china russia space

China and Russia Space Fleets Grow by 70 Percent in Two Years, DIA Report Says

China and Russia have dramatically boosted their presence in space in the past several years, increasing security concerns for the U.S. now and in the future, according to a new report from the Defense Intelligence Agency. In particular, the “Challenges to Security in Space” report highlighted the dangers of China seeking to use counterspace operations to cripple U.S. military capabilities, and the potential military implications of China and Russia increasing exploration and use of cislunar space, the moon, and beyond.

Hicks to Congress: Be Patient, Allow Some Failures in New Development Programs Like Hypersonics

Deputy Defense Secretary Kathleen Hicks urged Congress to be more patient with the Defense Department as it develops new systems, like hypersonic missiles. The Pentagon sees “real resistance … on Capitol Hill” to that approach, “and so you get curtailment of programs, … concerns over concurrency, concerns about technically risky approaches.” The U.S., she said, “has to be willing to fail. I think this is a place we want to increase the trust the Congress has in the Department, as it goes after improvements and capabilities.” During a roundtable with reporters, Hicks also was asked where her next trip will be to, and she said “back to California, … very soon,” possibly indicating that the rollout of the B-21, predicted for the April/May timeframe, will happen on schedule.
ukraine aid

Pentagon: ‘Roughly 8 to 10 Flights a Day’ Full of Aid for Ukraine Pouring into Europe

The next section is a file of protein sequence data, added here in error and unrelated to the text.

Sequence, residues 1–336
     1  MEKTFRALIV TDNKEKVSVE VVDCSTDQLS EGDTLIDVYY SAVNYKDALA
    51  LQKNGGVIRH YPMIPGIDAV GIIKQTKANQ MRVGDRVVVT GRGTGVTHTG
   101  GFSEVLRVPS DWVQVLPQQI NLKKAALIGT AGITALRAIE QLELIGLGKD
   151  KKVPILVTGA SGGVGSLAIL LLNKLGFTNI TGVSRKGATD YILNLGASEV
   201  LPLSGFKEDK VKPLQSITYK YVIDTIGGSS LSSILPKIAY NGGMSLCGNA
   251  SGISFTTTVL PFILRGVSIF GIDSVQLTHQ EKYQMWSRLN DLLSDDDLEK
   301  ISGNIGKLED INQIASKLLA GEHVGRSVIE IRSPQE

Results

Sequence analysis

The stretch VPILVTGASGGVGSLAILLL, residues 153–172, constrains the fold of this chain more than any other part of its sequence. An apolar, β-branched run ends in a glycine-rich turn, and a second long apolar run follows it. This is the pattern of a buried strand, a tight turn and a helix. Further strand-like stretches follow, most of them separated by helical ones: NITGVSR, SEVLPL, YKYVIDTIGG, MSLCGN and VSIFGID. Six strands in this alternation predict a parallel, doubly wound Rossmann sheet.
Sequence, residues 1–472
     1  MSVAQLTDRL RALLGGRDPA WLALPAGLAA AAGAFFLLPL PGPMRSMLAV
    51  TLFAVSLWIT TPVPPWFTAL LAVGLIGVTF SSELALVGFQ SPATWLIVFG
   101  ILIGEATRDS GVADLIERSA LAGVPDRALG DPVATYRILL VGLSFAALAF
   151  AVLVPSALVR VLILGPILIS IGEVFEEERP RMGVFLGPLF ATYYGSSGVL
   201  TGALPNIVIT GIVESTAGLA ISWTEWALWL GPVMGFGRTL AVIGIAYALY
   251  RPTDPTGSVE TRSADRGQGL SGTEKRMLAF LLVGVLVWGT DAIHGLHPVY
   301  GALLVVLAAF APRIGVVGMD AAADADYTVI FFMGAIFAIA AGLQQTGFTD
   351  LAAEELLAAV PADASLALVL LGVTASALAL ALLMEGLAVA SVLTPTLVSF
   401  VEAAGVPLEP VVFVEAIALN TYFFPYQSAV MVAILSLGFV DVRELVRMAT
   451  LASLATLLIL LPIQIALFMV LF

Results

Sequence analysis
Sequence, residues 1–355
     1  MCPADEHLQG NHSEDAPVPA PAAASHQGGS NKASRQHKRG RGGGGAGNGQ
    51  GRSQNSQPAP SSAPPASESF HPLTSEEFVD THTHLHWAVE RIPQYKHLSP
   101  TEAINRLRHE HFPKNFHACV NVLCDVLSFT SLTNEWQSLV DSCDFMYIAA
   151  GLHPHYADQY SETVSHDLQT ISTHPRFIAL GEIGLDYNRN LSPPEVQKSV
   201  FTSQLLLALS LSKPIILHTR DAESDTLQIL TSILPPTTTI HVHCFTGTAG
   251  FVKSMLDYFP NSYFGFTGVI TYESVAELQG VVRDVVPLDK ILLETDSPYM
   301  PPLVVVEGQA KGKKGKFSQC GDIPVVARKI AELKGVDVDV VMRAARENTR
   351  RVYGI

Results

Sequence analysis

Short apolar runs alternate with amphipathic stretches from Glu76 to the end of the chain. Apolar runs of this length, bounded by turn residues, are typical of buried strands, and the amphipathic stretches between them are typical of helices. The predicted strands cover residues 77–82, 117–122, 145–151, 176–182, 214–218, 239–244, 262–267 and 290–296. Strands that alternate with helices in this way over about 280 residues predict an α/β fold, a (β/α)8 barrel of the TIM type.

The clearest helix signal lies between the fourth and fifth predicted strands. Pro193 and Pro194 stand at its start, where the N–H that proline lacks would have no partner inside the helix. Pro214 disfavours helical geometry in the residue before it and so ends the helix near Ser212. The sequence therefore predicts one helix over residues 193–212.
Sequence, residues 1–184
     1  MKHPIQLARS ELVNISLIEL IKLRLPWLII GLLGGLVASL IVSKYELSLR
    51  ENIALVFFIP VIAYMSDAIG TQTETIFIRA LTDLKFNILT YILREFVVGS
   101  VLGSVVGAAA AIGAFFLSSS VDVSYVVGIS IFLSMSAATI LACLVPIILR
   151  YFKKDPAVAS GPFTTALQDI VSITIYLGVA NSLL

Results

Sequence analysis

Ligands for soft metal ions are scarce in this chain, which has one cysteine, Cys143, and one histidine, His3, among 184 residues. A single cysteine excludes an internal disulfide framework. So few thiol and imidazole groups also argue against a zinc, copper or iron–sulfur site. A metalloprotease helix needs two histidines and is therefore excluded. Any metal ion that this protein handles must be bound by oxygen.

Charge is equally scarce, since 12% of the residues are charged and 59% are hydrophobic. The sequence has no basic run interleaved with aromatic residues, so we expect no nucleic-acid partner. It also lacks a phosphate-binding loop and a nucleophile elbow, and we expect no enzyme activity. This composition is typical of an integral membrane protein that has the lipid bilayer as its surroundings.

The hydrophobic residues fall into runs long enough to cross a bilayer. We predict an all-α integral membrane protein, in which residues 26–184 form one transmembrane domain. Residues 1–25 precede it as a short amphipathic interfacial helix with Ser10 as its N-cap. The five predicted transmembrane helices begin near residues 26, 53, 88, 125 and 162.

Roughly eight to 10 flights full of supplies and equipment for Ukraine are landing in Eastern Europe every day, Pentagon press secretary John F. Kirby told reporters on April 12, as the U.S. and other nations race to get their aid packages into the hands of Ukrainians combatting Russia’s invasion. Deputy Defense Secretary Kathleen Hicks told reporters in separate April 12 briefing there are packages of U.S. military aid to Ukraine soon to be announced that will include longer-ranged weapons than have been provided so far. She did not name the weapons.

New Power for the B-52

Forty years since the Air Force first started thinking about replacing the eight engines on the B-52, the job is finally underway. The re-engining is the centerpiece of an upgrade that will keep the Stratofortress operationally relevant for another 20 to 30 years. Two new F130 engines have been built and if development and testing proceeds as planned, the first re-engined B-52s will be operational in about five years. Two new F130 engines have been built and if development and testing proceeds as planned, the first re-engined B-52s will be operational in about five years.

Radar Sweep

COMMENTARY: We Must Acknowledge Space As It Is: A Warfighting Domain

The Hill

“On Jan. 11, 2007, China launched a direct-ascent anti-satellite weapon (ASAT), which successfully intercepted and destroyed a Chinese satellite. It took fewer than 15 minutes from launch to impact. At the time, I was serving as the commander of Air Force Space Command, the predecessor of the Space Force. We could track the strike, saw its after-effects, but were powerless to offer leaders proactive options in case a U.S. satellite was targeted. Fifteen years later, threats to satellites have grown but we still lack meaningful options to deter and respond. China and Russia have made space a warfighting domain. It is past time that we recognize and respond to this reality,” writes retired Gen. Kevin Chilton, the Explorer Chair for Space Warfighting Studies at the Mitchell Institute for Aerospace Studies.